It started innocently enough with this article. I sent it out to about 20 colleagues.
The best line from the article:
"Jerry: "Yeah, databases cause lots of headaches. They crash all the time, corrupt data, etc. Using text files is better."
One of my more recently arrived colleagues (I'll call him Mr. M) replied to everyone with this statement:
"Kind of funny actually, databases are less and less important at the large investment banks, where they basically load everything up into a data grid across a several hundred node cluster. Writing to the db is way too slow."
This started a day long exchange of emails. What follows is the entire thread (up until my last post tonight).
"I would just argue that they don’t necessarily know how to write to databases. I would however love to see benchmarking done on both methods. Would be an interesting test..."
"Well, my understanding is they just can’t scale out the db enough. Even something like Oracle RAC won’t work. And outside of the military, these are probably the top 1% of programmers in the world building this stuff."
"A benchmark would be the only way I would believe it.
If you said the top 1% of database developers tried it and failed, I would be more likely to agree.
My experience is that application developers != database developers. Different type of thinking involved."
"'A benchmark would be the only way I would believe it.'
Do you need a benchmark before you would believe in-memory retrieval is faster than disk retrieval? Essentially, this is what we’re talking about.
'If you said the top 1% of database developers tried it and failed, I would be more likely to agree. My experience is that application developers != database developers. Different type of thinking involved.'
Why? It’s an issue to do with application performance not simply database performance. Database concerns are a subset of application concerns, essentially a specialization, requiring less encompassing knowledge. ;)
From the article you linked to (http://www.watersonline.com/public/showPage.html?page=432587)
"Better data management is the answer, says Lewis Foti, manager of high-performance computing and grid at The Royal Bank of Scotland (RBS) global banking and markets. "For very large compute arrays, the key issue is data starvation and saturation. This problem requires data grids with high bandwidth and scalable, parallel access,
Banks are learning that data management in a distributed grid environment is very different from online transaction processing. "With so many data sources, distribution channels, demands for aggregation and analytics, surges in data volumes and complex dynamics between the flows, we need to manage 'data in motion' and give up the notion that data is somehow stored. It's dynamic, not static," says Michael Di Stefano, vice president and architect for financial services at GemStone Systems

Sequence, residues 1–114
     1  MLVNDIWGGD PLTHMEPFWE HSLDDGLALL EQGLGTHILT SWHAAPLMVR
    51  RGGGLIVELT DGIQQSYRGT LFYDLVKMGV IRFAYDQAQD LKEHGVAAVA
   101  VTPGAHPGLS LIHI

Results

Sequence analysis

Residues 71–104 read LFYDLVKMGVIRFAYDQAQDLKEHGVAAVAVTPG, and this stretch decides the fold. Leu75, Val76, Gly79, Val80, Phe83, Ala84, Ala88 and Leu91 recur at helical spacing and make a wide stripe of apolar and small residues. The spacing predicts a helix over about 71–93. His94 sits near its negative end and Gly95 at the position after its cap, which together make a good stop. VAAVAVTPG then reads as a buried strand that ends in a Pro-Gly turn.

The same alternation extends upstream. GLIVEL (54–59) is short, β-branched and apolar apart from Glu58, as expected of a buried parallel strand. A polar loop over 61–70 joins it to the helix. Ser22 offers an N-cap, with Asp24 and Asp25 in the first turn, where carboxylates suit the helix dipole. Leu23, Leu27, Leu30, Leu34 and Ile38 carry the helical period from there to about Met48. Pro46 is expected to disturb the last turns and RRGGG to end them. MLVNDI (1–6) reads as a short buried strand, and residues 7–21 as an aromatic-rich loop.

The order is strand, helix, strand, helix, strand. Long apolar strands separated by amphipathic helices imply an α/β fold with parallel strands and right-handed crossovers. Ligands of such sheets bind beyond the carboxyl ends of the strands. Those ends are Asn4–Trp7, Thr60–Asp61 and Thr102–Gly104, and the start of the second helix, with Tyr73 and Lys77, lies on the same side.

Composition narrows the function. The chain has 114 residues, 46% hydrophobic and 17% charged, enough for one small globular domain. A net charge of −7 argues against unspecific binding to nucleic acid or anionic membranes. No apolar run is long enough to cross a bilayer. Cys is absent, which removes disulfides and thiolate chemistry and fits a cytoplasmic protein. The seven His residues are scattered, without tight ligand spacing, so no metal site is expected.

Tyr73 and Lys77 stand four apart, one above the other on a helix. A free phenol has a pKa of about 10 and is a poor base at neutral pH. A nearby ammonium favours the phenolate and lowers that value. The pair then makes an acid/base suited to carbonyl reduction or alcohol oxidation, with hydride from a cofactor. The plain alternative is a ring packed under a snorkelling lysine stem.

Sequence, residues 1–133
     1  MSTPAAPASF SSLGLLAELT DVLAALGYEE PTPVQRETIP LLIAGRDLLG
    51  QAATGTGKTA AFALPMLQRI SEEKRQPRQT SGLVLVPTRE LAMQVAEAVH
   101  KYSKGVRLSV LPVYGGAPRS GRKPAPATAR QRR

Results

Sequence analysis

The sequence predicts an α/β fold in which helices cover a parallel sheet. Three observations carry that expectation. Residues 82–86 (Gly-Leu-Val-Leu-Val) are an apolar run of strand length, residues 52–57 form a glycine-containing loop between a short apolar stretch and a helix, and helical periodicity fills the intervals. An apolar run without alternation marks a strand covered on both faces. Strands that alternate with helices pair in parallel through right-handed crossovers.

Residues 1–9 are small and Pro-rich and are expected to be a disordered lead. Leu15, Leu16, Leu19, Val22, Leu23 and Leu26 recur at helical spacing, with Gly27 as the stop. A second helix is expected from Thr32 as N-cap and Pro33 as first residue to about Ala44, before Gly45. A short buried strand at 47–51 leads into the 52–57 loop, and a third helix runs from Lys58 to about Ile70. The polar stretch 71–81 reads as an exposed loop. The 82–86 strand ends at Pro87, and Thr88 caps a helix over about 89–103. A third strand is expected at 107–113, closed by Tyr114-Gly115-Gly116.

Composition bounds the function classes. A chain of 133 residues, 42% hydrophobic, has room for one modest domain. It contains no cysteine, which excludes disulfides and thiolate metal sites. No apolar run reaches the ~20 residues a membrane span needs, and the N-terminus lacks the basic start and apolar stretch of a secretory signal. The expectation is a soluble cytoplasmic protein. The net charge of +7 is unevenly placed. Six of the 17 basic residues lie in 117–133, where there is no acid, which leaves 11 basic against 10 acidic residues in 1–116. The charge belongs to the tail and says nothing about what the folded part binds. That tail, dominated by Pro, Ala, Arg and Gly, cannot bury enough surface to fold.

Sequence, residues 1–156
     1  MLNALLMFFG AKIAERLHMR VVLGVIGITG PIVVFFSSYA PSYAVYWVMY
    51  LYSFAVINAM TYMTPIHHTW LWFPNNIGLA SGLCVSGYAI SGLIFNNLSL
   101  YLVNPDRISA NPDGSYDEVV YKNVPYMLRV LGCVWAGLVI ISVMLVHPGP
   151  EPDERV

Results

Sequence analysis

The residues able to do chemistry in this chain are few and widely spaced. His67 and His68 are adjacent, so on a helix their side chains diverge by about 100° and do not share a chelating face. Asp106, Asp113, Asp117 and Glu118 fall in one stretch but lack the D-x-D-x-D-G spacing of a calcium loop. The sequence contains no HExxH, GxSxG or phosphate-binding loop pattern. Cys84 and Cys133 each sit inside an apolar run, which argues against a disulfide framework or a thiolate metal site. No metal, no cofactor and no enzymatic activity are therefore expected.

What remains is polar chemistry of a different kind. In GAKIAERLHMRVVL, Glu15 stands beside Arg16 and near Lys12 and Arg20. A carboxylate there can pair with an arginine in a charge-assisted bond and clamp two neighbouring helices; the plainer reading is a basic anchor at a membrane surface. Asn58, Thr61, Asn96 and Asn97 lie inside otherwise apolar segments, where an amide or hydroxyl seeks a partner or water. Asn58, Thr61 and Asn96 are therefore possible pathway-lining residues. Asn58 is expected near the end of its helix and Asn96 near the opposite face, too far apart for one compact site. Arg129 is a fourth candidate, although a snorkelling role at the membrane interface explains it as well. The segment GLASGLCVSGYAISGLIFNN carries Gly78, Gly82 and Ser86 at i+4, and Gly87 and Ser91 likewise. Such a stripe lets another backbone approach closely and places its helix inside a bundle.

There is even some debate over how small a unit of work can be put on today's grids. Di Stefano at GemStone, for example, says, "One client has gone from 200 trades per second in a program trading application to more than 6,000 trades per second. This shows what the technology can do."
Yep, the writing is on the wall. Oracle knows it too.
"Good points. If it is in-memory it would be faster. I have not had the pleasure to work on such a system.
I do disagree with the database concerns being a subset of application concerns. The data drives the app. We’re probably getting religious at this point (or am I)."
"‘The data drives the app.”
Exactly, but who’s to say where the data comes from or in what format? My application data may reside completely in xml files, or maybe I get it from some third party web services a la the en vogue “mashup.” Heck, I may not even need to worry about a database anymore…. http://www.amazon.com/gp/browse.html?node=16427261 The database is only one particular concern of the overall application. And it’s the application that matters. Data is useless if it just sits on a disk somewhere. It’s the ways in which the application lets the users view and manipulate the data that adds value to the business.
Yep, definitely a different type of thinking between application developers and database developers."
"Definitely religious now.
Applications come and go, data stays the same. Think Green Screens, EJBs, Ruby…what’s next?"
"'Applications come and go'
Exactly. Businesses are not static, nor are the markets they compete in. Changing applications are a function of changing business processes and changing markets.
'data stays the same.'
Nonsense. Otherwise UPDATE would not be an SQL reserved word. If you mean database technology stays the same, well, I’m more inclined to agree with that.
'Think Green Screens, EJBs, Ruby...what’s next?'
Whatever comes along to let the business more effectively respond to current market realities. Application platforms have evolved much faster than database platforms have. They’ve had to, their sphere of operation is much broader than that of databases, this is only natural, they deal with much broader concerns than do databases. Databases in the internet era function in essentially the same role they did in the era of dumb terminals. Clearly application platforms have evolved orders of magnitude more. Hence the statement, database concerns are a subset of application concerns.